Children doing 2.5 hours’ schoolwork a day on average

Children locked down at home in the UK spend an average of 2.5 hours each day doing schoolwork, new research by UCL Institute of Education (IOE) suggests.

This figure is about half that suggested by a previous survey, implying that learning losses are much greater than previously thought.

In addition, the variability in the amount of schoolwork being done at home is adding to existing regional and socioeconomic inequalities. The study shows one fifth of pupils, which is the equivalent of two million children in the UK, did no schoolwork at home, or less than an hour a day. While 17 per cent put in more than four hours a day.

The working paper, published today by LLAKES, uses data collected in the last two weeks of April from a special online survey of respondents in the Understanding Society panel, a UK Household Longitudinal Study covering 4,559 children from households throughout the UK.

Study lead, Professor Francis Green (UCL Institute of Education), said: "The closure of schools, and their only-partial re-opening, constitute a potential threat to the educational development of a generation of children. This new evidence from the Understanding Society COVID survey paints a gloomy picture of lost schooling and low amounts of schoolwork at home.

"Everyone is losing out in this generation, some much more than others. Better home schoolwork provision, and better still an early safe return to school for as many as possible, should now become a top priority for government."

In addition to the amount of time spent on schoolwork, each type of schoolwork also varies across the UK. The report shows that pupils in London, the South and East of England and Northern Ireland are receiving more offline schoolwork, such as assignments, worksheets and watching videos, than elsewhere in the UK. In the South East region, for example, 28 per cent of children are receiving four or more pieces of offline schoolwork per day, compared with the countrywide average of 20 per cent.

Offline schoolwork is lowest in the North East of England, where the proportion receiving four or more daily pieces is just nine per cent.

Online teaching is most common in London, with 12.5 per cent of children receiving four or more online lessons or meetings daily, compared with the countrywide average of 7 per cent. The top rate of online provision is especially scarce in Wales, where the proportion is just 2 per cent.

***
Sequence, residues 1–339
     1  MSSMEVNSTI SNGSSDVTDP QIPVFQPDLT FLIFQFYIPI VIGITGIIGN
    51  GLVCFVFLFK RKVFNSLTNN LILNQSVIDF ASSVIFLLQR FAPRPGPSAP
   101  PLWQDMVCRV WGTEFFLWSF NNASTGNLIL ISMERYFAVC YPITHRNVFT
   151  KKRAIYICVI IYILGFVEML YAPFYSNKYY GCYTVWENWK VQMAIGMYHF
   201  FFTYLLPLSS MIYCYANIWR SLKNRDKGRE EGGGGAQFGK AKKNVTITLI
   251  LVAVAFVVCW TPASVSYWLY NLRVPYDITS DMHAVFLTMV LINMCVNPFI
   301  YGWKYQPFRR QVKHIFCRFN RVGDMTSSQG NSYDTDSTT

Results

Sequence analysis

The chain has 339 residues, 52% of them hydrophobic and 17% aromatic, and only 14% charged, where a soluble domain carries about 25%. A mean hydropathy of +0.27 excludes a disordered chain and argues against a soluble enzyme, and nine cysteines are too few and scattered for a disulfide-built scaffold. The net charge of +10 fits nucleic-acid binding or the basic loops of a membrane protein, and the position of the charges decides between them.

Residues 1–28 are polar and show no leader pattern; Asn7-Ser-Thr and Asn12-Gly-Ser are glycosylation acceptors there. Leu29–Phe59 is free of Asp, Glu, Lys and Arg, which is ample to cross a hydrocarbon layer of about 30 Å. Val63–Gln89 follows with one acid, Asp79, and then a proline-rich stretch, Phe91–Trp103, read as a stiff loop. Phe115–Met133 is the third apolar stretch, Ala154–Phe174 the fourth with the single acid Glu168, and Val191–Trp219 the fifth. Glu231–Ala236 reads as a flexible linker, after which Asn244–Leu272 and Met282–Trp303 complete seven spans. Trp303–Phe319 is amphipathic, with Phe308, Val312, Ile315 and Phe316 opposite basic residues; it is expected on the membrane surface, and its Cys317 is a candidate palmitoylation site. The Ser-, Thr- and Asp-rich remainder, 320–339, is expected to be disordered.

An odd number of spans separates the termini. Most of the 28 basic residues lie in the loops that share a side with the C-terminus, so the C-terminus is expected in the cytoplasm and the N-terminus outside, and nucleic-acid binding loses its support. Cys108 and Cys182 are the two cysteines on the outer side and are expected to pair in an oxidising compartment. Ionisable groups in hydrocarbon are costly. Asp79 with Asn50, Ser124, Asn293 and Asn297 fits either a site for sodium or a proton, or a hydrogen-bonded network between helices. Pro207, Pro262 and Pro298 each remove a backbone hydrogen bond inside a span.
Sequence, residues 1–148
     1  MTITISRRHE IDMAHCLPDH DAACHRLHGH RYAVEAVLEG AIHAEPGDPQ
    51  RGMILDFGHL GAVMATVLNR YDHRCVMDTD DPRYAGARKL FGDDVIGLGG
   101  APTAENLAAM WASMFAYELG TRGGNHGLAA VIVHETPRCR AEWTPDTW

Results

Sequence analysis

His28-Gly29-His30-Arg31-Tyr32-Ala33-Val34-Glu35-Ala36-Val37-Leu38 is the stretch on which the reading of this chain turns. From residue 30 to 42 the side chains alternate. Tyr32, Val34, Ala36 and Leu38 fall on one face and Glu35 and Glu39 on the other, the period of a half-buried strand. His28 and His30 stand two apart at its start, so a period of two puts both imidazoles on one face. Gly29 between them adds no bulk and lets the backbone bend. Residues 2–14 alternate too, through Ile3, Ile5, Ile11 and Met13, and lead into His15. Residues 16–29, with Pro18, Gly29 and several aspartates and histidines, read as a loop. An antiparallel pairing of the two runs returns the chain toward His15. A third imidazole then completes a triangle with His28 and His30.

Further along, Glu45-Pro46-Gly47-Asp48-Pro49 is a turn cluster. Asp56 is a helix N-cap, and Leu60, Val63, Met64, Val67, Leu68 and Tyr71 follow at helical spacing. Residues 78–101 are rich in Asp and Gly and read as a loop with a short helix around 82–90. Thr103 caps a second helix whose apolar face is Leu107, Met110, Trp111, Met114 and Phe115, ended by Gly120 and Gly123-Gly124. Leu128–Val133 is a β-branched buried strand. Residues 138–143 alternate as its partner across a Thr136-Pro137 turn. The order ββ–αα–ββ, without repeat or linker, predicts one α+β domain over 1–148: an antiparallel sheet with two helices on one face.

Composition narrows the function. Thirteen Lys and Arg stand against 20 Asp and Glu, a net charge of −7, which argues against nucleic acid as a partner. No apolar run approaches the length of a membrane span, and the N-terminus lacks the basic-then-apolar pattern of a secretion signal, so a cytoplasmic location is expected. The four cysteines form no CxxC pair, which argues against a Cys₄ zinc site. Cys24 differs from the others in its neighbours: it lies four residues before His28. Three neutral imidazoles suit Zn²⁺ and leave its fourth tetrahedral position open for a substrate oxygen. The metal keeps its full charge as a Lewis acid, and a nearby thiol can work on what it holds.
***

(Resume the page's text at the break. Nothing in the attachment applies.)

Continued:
Children from London, the South and the East of England and in Northern Ireland are also spending the most time on their schoolwork.

Children who are eligible for free school meals appear to be additionally disadvantaged during lockdown, with 15 per cent receiving four or more pieces of offline schoolwork compared to 21 per cent of children who are not eligible for support. This difference is reflected in the proportions spending more than four hours on schoolwork: 11 per cent for those on free school meals, 19 per cent among those not eligible.

"We also found that a large proportion of children on free school meals - 20 per cent - have no access to a computer at home. This compares with 7 per cent for other children. The lack of a computer is likely to considerably harm their ability to do schoolwork at home, submit it and have it checked," added Professor Green.

Gaps in the provision of online lessons and meetings are particularly pronounced between private and state schools: 31 per cent of private schools provided four or more lessons daily, as compared with just 6 per cent in state schools.

Private schools have far more resources, and are expected to provide them by fee-paying parents. Virtually all schoolchildren attending private schools (97 per cent) had access to a computer at home and were provided with more offline work: 31 per cent of private schools provided four or more pieces compared with 22 per cent of state schools. In addition, in a half of private schools, pupils spend four or more hours per day on schoolwork, as opposed to just 18 per cent of state schools.

The study found that time spent on schoolwork differs between boys and girls: 20 per cent of girls put in four or more hours, compared with 14 per cent of boys. However, this sex difference is also true of homework in normal times.

The report concludes by reinforcing calls for government to give education a much greater priority in the management of the pandemic response, and for this response to include a focus on regional disparities.